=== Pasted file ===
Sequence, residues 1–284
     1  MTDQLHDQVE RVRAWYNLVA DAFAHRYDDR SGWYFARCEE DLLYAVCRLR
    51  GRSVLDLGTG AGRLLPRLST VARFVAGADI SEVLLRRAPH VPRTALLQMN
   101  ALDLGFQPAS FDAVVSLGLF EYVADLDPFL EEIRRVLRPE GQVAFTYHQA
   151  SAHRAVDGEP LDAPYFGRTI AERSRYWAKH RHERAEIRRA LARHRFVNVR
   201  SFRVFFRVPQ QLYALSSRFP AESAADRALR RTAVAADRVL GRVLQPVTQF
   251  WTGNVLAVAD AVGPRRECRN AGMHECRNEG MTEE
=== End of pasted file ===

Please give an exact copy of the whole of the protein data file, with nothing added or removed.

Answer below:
Sequence, residues 1–284
     1  MTDQLHDQVE RVRAWYNLVA DAFAHRYDDR SGWYFARCEE DLLYAVCRLR
    51  GRSVLDLGTG AGRLLPRLST VARFVAGADI SEVLLRRAPH VPRTALLQMN
   101  ALDLGFQPAS FDAVVSLGLF EYVADLDPFL EEIRRVLRPE GQVAFTYHQA
   151  SAHRAVDGEP LDAPYFGRTI AERSRYWAKH RHERAEIRRA LARHRFVNVR
   201  SFRVFFRVPQ QLYALSSRFP AESAADRALR RTAVAADRVL GRVLQPVTQF
   251  WTGNVLAVAD AVGPRRECRN AGMHECRNEG MTEE